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            List of years in British television       (table)
 1981 .  1982 .  1983 .  1984  . 1985  . 1986  . 1987 
1988 1989 1990 -1991- 1992 1993 1994
 1995 .  1996 .  1997 .  1998  . 1999  . 2000  . 2001 

This is a list of British television related events from 1991.

EventsEdit

  • 1 January – The Independent Television Commission (ITC) replaces the Independent Broadcasting Authority (IBA). On the same day the 1990 Broadcasting Act takes effect, thus beginning the deregulation of British television and radio.
  • 17 January – Regular programming is abandoned in order to bring live coverage of the Gulf War after Allied Forces launch Operation Desert Storm against Iraq. Over the coming weeks there is extended coverage of events in the Persian Gulf. ITV also broadcasts news and discussion programmes about the war throughout the night. Some broadcasting, particularly in the earlier part of the war, comes from CNN.
  • 28 January – Oliver Reed appears on an edition of the late night discussion programme After Dark discussing militarism, masculine stereotypes and violence to women. Reed drinks alcohol during the broadcast, leading him to become drunk, aggressive and incoherent.[1] He refers to another member of the panel, who has a moustache, as 'tache' and uses offensive language. After one hour Reed returns from the toilet and, getting more to drink, rolls on top of the noted feminist author Kate Millett. The show is briefly taken off air following a hoax call to the station claiming that Channel Four boss Michael Grade is furious.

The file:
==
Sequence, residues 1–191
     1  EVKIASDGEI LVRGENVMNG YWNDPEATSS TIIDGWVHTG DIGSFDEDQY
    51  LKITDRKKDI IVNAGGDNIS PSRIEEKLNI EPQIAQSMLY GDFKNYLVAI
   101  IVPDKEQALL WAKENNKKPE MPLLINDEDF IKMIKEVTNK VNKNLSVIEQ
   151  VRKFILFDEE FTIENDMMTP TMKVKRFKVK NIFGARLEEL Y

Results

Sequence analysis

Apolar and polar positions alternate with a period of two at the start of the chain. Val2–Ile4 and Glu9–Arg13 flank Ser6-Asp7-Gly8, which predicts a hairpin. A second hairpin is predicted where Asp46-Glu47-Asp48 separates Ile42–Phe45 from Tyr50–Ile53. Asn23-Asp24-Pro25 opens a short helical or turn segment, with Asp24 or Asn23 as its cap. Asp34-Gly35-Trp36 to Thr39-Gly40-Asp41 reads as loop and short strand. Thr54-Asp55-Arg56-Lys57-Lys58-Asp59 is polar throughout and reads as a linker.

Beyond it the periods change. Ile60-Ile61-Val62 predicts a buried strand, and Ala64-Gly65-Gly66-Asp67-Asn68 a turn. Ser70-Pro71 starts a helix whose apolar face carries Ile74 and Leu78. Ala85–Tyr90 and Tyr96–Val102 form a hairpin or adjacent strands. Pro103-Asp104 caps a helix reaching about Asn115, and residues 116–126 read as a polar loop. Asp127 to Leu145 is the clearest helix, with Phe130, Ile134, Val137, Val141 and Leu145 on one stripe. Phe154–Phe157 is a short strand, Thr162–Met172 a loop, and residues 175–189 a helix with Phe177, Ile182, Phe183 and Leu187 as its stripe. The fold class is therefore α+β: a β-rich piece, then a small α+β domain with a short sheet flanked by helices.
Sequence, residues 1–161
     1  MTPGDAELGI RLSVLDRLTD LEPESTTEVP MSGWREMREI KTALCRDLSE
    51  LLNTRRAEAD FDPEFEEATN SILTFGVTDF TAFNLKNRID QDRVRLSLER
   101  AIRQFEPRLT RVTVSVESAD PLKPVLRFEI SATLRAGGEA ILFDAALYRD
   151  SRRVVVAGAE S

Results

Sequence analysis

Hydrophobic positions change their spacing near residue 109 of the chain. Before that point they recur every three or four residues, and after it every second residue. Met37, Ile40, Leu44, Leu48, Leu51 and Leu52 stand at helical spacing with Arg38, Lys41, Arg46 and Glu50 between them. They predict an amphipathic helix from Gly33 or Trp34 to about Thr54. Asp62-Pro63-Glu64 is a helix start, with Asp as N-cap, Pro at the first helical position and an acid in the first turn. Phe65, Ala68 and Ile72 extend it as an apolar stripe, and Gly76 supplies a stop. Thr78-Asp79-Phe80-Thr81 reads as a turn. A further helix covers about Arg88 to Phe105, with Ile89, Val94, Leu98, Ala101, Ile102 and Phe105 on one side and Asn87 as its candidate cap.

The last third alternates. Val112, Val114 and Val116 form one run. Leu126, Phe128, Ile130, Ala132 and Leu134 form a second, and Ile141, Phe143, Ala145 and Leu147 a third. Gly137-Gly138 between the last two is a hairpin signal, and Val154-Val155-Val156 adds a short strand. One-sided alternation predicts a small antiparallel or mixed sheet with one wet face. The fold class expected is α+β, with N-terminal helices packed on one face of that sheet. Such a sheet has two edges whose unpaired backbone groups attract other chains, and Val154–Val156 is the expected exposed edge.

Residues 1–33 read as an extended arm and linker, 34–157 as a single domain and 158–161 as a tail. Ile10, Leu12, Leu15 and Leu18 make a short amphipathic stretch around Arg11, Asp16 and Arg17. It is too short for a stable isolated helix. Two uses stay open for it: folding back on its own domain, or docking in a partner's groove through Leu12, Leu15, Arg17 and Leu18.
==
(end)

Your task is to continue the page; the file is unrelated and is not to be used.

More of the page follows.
• 15 February – The COW ident is seen for the final time on BBC1, after six years in use, and the BBC2 'TWO' ident is seen for the final time after five years in use.
  • 16 February – BBC1 and BBC2 receive new idents, both generated from laserdisc and featuring the BBC corporate logo introduced in 1986. BBC1 features a '1' encased in a globe, and BBC2 features eleven idents based around a numeral '2'.
  • 26 February – Iraqi leader Saddam Hussein announces the withdrawal of Iraqi troops from Kuwait. As the war comes to its conclusion, television programming begins to return to regular broadcasting.
  • 1 March – The monopoly on listings magazine ends with the deregulation of TV listings. Before today, the Radio Times published only BBC listings and TVTimes published ITV and, from 1982, Channel 4 listings. However, from today they can carry listings for all channels. Newspapers are also allowed to publish 7-day listings for the first time, having previously only been able to publish the present day's (and two days on Saturdays). A raft of listings magazines start up in the wake of the changes.[2]